In November 1977, a re-release of Newton-John's original version backed with "Don't Cry for Me Argentina", from her then-current album Making a Good Thing Better, reached number 48 during its nine-week run on the Hot 100; the single outperformed the only A-side single from the album (the title track), which five months earlier had stalled at number 87. The re-release of Newton-John's 1974 hit also re-charted on the Adult Contemporary chart, peaking at number 49.


1998 version[edit]

"I Honestly Love You '98"
Single by Olivia Newton-John
from the album Back with a Heart
GenrePop, adult contemporary
Songwriter(s)Jeff Barry, Peter Allen
Producer(s)David Foster
Olivia Newton-John singles chronology
"You're the One That I Want"
"I Honestly Love You '98"
"Back with a Heart"
Music video
"I Honestly Love You '98" on YouTube

Newton-John re-recorded "I Honestly Love You" for her 1998 album Back with a Heart, with Babyface on background vocals. The new version was released as a single, debuting on the Billboard Hot 100 in May 1998. It was her first song to chart in the Hot 100 for six years, peaking at No. 67 and spent 12 weeks on the chart. It reached No. 18 on the Adult Contemporary chart and No. 16 on the Country Music Sales chart.


Chart (1998) Peak
Australia (ARIA) 88
US Billboard Hot 100 67
US Adult Contemporary (Billboard)[13] 18
US Country Singles Sales (Billboard) 16

Cover versions[edit]


  1. ^ "VH1's 40 Most Softsational Soft-Rock Songs". Stereogum. SpinMedia. 31 May 2007. Retrieved 31 July 2016.
  2. ^ Abdelrahman, Amina Lake (21 September 2018). "35 Most Romantic Love Songs of All Time". Good Housekeeping.
  3. ^ Breihan, Tom (6 June 2019). "The Number Ones: Olivia Newton-John's "I Honestly Love You"". Stereogum. Retrieved 19 June 2023. "I Honestly Love You" is an extremely competent pop ballad...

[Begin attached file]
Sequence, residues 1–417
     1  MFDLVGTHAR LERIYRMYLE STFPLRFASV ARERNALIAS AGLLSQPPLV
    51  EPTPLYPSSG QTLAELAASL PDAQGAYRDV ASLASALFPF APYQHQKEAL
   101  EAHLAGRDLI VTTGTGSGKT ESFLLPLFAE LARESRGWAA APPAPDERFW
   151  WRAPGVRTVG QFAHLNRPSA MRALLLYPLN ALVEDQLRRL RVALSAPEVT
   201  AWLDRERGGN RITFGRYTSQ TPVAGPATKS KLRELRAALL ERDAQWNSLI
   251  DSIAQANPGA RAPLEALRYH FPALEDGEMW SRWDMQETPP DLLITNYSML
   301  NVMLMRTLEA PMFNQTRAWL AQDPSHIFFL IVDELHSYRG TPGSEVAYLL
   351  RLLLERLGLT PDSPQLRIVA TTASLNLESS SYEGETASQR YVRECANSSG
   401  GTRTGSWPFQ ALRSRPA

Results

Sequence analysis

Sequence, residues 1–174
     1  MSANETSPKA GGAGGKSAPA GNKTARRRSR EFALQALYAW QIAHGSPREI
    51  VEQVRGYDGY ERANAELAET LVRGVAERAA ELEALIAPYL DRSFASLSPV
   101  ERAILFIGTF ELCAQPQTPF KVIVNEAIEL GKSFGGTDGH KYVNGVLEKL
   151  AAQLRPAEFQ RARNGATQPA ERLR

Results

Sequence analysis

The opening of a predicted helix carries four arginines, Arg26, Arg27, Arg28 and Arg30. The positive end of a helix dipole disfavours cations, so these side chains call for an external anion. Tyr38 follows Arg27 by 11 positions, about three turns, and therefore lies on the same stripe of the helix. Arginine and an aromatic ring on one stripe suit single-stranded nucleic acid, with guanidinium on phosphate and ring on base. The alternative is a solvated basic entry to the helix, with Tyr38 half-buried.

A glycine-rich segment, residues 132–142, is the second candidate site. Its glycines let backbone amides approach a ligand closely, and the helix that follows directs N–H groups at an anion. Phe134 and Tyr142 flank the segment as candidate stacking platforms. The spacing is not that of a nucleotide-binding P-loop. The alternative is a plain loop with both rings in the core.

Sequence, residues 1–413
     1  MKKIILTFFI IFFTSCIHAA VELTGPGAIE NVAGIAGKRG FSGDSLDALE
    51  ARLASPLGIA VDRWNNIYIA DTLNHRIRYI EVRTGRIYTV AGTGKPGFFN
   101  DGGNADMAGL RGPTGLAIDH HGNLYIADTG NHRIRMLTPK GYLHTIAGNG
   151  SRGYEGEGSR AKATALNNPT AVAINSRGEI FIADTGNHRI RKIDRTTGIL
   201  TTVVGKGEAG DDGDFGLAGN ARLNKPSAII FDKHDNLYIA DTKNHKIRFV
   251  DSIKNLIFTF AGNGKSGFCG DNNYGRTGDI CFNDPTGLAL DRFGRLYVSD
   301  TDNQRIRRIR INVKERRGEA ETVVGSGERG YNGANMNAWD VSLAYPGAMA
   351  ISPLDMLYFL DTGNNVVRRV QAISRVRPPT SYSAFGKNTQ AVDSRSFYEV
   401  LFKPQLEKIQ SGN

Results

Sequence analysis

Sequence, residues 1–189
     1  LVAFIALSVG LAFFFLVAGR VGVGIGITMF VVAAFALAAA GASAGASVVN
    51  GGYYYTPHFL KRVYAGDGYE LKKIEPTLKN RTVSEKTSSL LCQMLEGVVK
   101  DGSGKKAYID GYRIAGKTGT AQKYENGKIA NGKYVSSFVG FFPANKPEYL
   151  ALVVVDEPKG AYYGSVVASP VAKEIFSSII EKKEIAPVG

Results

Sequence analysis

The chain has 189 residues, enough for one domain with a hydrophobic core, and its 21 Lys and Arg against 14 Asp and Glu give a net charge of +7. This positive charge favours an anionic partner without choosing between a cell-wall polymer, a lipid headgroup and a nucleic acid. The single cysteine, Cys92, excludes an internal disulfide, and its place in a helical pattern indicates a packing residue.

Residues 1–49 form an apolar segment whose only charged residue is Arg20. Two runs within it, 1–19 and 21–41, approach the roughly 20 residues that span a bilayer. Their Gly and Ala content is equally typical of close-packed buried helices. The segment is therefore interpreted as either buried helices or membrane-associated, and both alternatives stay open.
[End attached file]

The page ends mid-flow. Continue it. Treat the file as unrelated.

4. ^ a b Molanphy, Chris (17 April 2021). "Taylor's Version of Country Edition". Hit Parade | Music History and Music Trivia (Podcast). Slate. Retrieved 6 February 2024.
  5. ^ "Past Winners Search". GRAMMY.com. Retrieved 4 August 2011.
  6. ^ "VH1's 40 Most Softsational Soft-Rock Songs". 31 May 2007.
  7. ^ "Hits of the Week" (PDF). Record World. 17 August 1974. p. 1. Retrieved 15 March 2023.
  8. ^ Whit-burn, Joel (2002). Top Adult Contemporary: 1961-2001. Record Research. p. 181.
  9. ^ Whitburn, Joel (2004). The Billboard Book Of Top 40 Country Hits: 1944-2006, Second edition. Record Research. p. 248.
  10. ^ a b "National Top 100 Singles for 1974". Kent Music Report. 30 December 1974. Retrieved 15 January 2022 – via Imgur.
  11. ^ "SA Charts 1965–March 1989". Retrieved 5 September 2018.
  12. ^ a b Whitburn, Joel (2014). Cash Box Pop Hits 1952-1996. Sheridan Books, Inc. ISBN 978-0-89820-209-0.
  13. ^ a b c "Olivia Newton-John Chart History (Adult Contemporary)". Billboard. Retrieved 1 April 2017.
  14. ^ "CU.S Digital Song Sales: Week of August 20, 2022". Billboard. Retrieved 16 August 2022.
  15. ^ Canada, Library and Archives (17 July 2013). "Image : RPM Weekly". www.bac-lac.gc.ca.
  16. ^ "The CashBox Year End Charts:1974". Archived from the original on 25 July 2012. Retrieved 25 March 2022.
  17. ^ "Top 100 Hits of 1974/Top 100 Songs of 1974". www.musicoutfitters.com.
  18. ^ Erlewine, Stephen Thomas. "Juliana Hatfield Sings Olivia Newton-John". AllMusic. Retrieved 23 April 2018.